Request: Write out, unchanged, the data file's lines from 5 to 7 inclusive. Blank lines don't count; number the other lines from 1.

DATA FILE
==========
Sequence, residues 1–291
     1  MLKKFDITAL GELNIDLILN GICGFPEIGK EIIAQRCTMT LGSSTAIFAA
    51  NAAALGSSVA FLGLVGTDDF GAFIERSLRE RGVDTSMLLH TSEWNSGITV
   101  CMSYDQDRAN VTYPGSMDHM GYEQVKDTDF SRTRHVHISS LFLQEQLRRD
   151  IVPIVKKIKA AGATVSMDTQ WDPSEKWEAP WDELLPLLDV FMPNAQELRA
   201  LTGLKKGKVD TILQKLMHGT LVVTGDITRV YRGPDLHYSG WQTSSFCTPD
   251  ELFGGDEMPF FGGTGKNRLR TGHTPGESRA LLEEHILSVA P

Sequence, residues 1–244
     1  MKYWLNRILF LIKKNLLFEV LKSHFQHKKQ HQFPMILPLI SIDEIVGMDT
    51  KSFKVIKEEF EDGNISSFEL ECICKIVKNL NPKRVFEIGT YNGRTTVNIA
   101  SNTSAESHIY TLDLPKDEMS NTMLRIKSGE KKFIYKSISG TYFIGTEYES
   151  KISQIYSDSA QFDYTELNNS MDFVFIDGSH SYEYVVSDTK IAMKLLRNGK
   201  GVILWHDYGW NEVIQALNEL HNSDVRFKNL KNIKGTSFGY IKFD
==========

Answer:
   151  IVPIVKKIKA AGATVSMDTQ WDPSEKWEAP WDELLPLLDV FMPNAQELRA
   201  LTGLKKGKVD TILQKLMHGT LVVTGDITRV YRGPDLHYSG WQTSSFCTPD
   251  ELFGGDEMPF FGGTGKNRLR TGHTPGESRA LLEEHILSVA P